"The defining characteristic of pessimists is that they tend to believe bad events will last a long time, will undermine everything they do, and are their own fault. The optimists, who are confronted with the same hard knocks of this world, think about misfortune in the opposite way. They tend to believe defeat is just a temporary setback, that its causes are confined to this one case. The optimists believe defeat is not their fault: Circumstances, bad luck, or other people brought it about. Such people are unfazed by defeat. Confronted by a bad situation, they perceive it as a challenge and try harder.” - Martin Seligman, Learned Optimism
This is just one example of the way that we can nurture positivity by recognizing that the way we talk, think, or act is contributing to the way we feel. When we drop our smartphone and the screen cracks we can say, "You're so stupid, this is ruined forever!" Whereas an optimist may explain the same incident with, "Ooops, that person distracted me, I hope I can get this fixed."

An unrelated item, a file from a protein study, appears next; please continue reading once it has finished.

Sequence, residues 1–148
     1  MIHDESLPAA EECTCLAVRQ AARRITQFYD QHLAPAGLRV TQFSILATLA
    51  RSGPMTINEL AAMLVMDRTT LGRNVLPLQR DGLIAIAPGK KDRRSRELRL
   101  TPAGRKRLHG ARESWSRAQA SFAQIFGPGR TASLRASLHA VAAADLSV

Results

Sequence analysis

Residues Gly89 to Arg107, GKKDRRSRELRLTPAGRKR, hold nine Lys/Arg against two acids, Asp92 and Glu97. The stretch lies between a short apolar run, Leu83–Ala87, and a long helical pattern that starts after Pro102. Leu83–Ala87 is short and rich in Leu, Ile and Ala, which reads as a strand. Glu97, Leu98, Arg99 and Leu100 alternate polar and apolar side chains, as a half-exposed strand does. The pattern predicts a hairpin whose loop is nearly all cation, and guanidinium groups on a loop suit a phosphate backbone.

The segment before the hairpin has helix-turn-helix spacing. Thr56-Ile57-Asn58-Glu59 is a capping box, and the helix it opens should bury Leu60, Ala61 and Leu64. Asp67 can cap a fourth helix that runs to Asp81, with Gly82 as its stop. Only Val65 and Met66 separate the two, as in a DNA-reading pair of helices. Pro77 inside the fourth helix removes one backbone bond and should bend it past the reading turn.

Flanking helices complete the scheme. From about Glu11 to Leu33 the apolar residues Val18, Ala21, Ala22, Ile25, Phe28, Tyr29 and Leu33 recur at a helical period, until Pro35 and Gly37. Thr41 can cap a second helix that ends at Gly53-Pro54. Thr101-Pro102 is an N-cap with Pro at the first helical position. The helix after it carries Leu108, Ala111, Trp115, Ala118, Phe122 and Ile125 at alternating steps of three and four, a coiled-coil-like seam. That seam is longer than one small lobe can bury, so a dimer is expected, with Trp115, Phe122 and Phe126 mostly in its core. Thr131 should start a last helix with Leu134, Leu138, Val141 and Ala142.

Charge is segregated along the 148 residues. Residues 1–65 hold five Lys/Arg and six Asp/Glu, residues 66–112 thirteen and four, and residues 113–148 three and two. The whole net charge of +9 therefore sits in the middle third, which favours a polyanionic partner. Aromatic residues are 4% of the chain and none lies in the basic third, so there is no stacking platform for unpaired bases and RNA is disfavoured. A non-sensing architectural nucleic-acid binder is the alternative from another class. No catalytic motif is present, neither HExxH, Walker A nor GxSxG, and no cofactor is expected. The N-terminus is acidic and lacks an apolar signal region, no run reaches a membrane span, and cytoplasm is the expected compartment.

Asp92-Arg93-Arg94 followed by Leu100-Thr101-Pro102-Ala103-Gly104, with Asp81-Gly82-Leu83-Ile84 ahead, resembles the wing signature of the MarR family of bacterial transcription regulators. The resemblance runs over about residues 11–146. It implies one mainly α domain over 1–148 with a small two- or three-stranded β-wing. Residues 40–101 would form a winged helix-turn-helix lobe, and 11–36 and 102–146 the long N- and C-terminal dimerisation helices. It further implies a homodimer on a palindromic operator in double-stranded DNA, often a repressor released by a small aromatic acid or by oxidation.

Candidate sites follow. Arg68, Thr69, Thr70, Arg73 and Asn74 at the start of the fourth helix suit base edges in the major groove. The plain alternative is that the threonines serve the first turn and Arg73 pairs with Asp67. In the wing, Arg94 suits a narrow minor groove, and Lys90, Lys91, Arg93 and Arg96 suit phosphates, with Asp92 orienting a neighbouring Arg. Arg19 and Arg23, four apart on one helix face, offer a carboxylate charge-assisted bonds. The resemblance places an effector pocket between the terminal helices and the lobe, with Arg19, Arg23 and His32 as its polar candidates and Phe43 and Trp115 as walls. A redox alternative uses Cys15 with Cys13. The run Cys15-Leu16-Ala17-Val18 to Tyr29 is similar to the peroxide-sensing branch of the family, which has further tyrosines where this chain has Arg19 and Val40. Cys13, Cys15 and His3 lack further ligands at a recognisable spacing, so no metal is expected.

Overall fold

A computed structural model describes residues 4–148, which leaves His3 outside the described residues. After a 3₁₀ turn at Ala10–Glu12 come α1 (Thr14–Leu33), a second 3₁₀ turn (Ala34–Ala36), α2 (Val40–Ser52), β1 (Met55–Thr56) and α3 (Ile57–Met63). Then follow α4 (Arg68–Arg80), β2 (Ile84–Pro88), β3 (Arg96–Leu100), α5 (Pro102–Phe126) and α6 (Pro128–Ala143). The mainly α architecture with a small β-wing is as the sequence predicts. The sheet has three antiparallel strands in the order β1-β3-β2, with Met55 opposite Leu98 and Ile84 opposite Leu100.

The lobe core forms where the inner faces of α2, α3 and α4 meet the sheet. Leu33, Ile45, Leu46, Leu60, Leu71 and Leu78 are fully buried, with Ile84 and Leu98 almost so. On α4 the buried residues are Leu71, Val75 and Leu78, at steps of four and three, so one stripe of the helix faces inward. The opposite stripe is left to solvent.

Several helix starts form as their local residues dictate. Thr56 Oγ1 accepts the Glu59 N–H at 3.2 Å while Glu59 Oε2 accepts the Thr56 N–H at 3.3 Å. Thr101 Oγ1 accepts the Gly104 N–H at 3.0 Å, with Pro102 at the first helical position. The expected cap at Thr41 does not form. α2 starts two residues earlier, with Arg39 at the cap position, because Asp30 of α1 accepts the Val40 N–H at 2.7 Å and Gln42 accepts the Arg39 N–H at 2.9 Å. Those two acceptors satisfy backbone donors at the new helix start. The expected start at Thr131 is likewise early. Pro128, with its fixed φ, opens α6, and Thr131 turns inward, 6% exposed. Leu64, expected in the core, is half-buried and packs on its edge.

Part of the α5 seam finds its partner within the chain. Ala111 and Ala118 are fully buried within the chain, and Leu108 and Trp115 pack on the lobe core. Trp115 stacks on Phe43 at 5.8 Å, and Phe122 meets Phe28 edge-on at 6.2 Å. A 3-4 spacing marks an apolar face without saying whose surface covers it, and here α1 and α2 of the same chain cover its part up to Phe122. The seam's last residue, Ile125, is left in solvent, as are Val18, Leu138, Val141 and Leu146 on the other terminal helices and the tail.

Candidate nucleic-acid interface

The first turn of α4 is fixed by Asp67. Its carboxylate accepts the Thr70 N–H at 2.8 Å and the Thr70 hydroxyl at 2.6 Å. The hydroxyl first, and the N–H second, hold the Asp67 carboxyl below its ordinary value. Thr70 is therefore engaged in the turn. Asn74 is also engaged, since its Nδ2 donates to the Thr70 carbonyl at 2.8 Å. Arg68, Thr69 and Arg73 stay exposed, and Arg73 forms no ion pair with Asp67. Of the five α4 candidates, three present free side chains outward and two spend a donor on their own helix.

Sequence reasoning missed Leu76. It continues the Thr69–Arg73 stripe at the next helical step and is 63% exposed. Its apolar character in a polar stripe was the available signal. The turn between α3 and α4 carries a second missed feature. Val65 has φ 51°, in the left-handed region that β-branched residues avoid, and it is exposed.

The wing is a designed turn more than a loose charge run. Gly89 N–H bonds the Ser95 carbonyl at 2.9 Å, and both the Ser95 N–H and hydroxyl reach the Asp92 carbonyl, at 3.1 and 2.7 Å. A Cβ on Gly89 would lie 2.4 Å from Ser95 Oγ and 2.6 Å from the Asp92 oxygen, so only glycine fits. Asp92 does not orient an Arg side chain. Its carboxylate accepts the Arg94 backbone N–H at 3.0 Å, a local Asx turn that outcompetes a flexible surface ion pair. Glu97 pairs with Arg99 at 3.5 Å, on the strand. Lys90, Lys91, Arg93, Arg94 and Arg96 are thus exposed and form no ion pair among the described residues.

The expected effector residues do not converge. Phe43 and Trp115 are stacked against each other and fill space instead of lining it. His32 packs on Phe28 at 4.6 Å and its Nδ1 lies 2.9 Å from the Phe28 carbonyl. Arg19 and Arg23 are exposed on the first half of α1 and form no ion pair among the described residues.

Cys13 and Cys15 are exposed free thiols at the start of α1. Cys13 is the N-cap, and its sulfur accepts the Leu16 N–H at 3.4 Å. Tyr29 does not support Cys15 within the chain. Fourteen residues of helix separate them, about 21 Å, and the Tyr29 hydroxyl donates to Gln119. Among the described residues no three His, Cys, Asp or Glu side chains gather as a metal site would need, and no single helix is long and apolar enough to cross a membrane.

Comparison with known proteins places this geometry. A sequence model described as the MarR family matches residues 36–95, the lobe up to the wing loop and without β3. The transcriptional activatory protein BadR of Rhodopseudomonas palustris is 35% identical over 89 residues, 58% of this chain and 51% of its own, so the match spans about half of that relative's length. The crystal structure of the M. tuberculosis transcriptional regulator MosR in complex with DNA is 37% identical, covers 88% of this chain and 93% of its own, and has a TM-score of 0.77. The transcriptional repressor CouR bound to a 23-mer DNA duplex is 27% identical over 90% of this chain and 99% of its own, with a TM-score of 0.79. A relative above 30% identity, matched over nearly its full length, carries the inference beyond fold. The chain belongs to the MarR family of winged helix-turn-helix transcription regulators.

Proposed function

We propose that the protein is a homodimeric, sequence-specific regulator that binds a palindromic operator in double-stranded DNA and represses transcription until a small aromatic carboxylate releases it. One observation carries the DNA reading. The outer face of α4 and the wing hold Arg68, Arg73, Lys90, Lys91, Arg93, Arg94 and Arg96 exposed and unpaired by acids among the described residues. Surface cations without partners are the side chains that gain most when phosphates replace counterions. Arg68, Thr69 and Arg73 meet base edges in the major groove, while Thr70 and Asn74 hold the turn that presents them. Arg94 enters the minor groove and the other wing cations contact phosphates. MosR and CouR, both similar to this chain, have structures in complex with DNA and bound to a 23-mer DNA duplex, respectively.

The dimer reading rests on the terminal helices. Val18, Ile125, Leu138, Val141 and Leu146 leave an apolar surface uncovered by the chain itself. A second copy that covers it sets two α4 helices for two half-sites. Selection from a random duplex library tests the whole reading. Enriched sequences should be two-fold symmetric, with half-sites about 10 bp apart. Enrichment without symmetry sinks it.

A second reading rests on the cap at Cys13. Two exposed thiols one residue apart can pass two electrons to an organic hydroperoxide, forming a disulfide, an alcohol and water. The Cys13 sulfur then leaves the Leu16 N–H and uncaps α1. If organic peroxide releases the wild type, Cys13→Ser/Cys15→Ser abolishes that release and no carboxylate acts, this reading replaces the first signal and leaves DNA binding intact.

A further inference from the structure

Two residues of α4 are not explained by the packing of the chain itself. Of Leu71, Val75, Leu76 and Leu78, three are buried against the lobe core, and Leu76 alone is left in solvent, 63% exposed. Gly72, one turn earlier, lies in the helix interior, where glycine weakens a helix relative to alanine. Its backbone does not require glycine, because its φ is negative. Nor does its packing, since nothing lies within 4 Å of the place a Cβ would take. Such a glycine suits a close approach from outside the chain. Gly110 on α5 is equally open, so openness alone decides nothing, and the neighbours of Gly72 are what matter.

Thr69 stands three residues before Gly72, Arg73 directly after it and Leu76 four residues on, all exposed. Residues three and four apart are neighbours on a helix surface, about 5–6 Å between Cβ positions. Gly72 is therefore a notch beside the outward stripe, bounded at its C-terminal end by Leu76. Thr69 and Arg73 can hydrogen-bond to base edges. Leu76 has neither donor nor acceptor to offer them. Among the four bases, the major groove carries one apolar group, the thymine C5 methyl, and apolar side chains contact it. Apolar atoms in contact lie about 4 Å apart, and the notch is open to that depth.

Depression and anxiety can be seriously debilitating and we shouldn't assume that a little more optimism will magically cure us of these conditions. But, many of us would benefit from looking at the things that contribute to feeling disconnected. Recognizing and appreciating the good things that can happen in our lives each day can lead us to a greater sense of well-being. Maybe we can move toward more meaning and connection and recognize how we might balance negative ways of thinking about the world by becoming positive.
Calvin Black, MA, RCC, counsels teens, young adults, individuals, and couples. He periodically uses Gallup's CliftonStrengths personality assessment to help individuals and organizations identify their areas of greatest potential.